Kyle Martino has announced his candidacy for U.S. Soccer president, saying that the program needs a change in vision and ambition. The former U.S. men’s national player has joined a seven-man race that includes Eric Wynalda, Steve Gans, Paul Lapointe, Michael Winograd, Carlos Cordeiro, and Paul Caligiuri.
While Martino respects incumbent Sunil Gulati, he believes change is needed at the highest level.
“Sunil is an incredibly smart man – he’s an economist professor at Columbia – so it’s hard to hire too many smarter people than him,” Martino said on CBS Sports Radio’s The DA Show. “But there’s a plethora of people who are smarter than him in the soccer space. That’s been his weak spot. That’s his blind spot – not hiring soccer experts or having soccer experts within the U.S. Soccer structure. Believe me: this is not a blow-the-whole-thing-up approach. There are many people who are capable, competent and qualified to make good soccer decisions within the U.S. Soccer structure, but they’re not given any power. They’re not given the authority to do these things. Sunil has insulated himself a bit in his position to not have to take advice from soccer experts – and that’s clear. That’s not speculative. That’s one of the reasons we’re at this low point in U.S. Soccer’s history.”
Martino, who has taken a leave of absence from NBC Sports to pursue his candidacy, credited Gulati for growing the business side of U.S. soccer, but play on the field hasn’t kept up.
“The business model, Sunil has helped put that in place on the commercial side, growing revenue – and we need to protect those accomplishments and we need to respect Sunil for doing that,” said Martino, 36. “But it’s much easier now to keep the business side moving and to keep the inertia of that going than it is to fix the soccer side. We don’t really need a business man now. We need a soccer Ph.D.”
Martino, a former midfielder, played for the Columbus Crew, L.A. Galaxy and was a national team member from 2002-06. He also believes he has the ability to work with Gulati.
“You have you be able and willing to work with Sunil,” he said. “It’s irrelevant whether you like Sunil or not. I was one of the first to criticize Sunil and say it was time to move on from him. No one else was willing to do that because of his political power. I said that from my position because I knew that it was time for change and we had to move on from Sunil. But we don’t move on completely from Sunil because his greatest accomplishment is getting a seat on the FIFA Council at the big table. That’s incredible that there’s a U.S. soccer voice up at the top of the soccer food chain globally – and he’s going to stay there whether he’s president or not. He’s going to stay on the World Cup bid for 2026 whether we like it or not.”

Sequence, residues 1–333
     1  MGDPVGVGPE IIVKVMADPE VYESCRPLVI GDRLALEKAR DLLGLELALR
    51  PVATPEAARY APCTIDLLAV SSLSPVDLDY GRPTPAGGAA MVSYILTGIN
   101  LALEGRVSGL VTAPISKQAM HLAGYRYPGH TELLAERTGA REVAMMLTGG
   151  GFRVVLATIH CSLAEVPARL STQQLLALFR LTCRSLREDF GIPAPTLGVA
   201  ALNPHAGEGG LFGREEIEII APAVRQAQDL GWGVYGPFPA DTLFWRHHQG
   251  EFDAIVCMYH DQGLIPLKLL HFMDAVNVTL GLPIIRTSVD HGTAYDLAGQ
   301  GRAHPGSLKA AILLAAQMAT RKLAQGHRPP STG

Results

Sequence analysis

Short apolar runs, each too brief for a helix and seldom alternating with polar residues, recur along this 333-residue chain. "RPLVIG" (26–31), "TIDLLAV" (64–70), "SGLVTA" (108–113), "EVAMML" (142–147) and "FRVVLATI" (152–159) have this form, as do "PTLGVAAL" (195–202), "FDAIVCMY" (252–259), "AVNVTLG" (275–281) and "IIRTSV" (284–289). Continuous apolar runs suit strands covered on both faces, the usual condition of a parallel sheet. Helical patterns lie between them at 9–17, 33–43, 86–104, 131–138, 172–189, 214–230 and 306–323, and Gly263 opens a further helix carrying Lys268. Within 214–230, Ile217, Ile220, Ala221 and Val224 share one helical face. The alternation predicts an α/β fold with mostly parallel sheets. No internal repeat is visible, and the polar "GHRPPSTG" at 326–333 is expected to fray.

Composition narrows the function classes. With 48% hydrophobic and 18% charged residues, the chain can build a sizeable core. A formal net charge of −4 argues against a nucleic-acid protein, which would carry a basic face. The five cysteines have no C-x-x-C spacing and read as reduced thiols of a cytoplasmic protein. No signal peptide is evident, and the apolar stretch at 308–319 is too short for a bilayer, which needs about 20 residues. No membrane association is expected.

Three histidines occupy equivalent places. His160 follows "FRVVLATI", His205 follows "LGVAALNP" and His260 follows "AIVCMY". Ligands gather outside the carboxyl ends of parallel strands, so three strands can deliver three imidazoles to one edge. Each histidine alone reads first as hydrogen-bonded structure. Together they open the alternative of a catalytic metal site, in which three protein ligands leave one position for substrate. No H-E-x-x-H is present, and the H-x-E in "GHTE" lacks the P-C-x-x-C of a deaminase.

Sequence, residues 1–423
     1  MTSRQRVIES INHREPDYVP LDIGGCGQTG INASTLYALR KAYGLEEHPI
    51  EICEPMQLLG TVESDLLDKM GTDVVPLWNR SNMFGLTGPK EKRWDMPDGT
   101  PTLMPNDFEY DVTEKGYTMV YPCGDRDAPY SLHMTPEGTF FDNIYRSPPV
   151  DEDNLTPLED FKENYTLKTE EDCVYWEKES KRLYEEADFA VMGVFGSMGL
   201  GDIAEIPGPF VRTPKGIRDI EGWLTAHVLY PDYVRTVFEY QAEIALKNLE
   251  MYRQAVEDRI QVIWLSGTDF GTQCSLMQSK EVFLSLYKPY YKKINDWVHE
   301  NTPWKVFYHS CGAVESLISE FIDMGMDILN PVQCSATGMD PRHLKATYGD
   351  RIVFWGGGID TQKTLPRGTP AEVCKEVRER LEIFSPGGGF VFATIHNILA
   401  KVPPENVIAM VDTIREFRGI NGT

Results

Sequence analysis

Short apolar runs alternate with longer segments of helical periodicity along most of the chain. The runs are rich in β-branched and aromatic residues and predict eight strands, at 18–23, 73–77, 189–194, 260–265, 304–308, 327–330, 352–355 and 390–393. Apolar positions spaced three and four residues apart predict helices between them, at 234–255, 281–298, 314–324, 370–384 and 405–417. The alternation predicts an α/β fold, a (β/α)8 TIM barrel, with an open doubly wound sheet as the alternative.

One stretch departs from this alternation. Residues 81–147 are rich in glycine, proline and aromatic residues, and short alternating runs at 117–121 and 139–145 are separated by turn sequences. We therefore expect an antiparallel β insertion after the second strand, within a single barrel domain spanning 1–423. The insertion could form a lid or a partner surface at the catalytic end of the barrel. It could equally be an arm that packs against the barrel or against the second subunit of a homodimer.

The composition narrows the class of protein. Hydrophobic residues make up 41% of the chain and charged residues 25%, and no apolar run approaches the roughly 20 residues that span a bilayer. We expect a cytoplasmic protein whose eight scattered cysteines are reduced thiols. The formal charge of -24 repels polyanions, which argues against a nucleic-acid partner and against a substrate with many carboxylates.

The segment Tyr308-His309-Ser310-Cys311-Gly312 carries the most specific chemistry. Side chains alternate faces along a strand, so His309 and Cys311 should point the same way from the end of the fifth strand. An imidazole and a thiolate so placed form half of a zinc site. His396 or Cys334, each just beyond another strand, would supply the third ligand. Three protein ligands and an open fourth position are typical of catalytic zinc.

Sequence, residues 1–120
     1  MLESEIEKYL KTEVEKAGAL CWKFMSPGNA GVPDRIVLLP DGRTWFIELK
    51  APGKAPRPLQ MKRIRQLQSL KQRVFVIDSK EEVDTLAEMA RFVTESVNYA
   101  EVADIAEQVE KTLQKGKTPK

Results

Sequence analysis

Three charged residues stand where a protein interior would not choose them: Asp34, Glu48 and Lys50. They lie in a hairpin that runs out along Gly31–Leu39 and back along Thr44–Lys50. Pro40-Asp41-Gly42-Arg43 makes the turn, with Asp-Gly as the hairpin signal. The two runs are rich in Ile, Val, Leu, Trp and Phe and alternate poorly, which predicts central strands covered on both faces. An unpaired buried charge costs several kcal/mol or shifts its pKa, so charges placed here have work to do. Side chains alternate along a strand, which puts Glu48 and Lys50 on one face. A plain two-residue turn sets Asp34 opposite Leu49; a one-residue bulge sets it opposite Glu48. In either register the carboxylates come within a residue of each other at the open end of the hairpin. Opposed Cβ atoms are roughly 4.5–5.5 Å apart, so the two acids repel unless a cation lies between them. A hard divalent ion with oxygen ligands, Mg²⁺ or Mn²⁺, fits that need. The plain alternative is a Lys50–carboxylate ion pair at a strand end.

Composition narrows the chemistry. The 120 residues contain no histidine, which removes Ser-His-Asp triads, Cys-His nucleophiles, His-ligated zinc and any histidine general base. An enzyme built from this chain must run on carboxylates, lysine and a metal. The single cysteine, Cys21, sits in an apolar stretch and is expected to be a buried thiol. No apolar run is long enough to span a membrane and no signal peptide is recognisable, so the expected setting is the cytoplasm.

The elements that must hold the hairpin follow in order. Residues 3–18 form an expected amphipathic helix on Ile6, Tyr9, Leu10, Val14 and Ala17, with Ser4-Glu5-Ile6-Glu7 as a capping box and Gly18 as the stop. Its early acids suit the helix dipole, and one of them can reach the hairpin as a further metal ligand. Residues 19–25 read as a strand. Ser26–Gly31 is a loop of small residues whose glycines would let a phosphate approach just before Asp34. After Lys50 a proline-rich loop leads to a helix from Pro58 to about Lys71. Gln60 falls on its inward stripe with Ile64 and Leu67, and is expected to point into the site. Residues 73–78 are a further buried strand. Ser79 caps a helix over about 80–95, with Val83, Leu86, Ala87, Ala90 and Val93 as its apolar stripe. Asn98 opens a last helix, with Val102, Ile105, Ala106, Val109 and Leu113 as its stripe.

Thus, maintaining a working relationship with Gulati is imperative.
“I’m seeing some candidates just criticizing him and throwing him under the bus,” Martino said. “Yeah, he deserves to get criticism in certain areas, but you have to have a symbiotic relationship with Sunil Gulati right now. Missing out on the World Cup was bad for the men, but missing he World Cup in 2026, not being able to win that bid and bring that enormous, amazing, greatest-event-on-earth tournament back to the States – if we miss that, that’s catastrophic. So I see people with the lack of political nous to understand you need a strategic relationship with Sunil, whether you like him or not.
“And listen, I’ve made no secret of the fact that I don’t get along with Sunil,” Martino continued. “I’m not his schill. But as far as business is concerned and the business of U.S. Soccer, I respect Sunil and I’ll work with him to get us that World Cup and I’ll work with him to fix this program. I want him to leave me alone (to) run U.S. Soccer, and I’m going to leave him alone to go on the FIFA Council and help get this country what they need in terms of soccer.”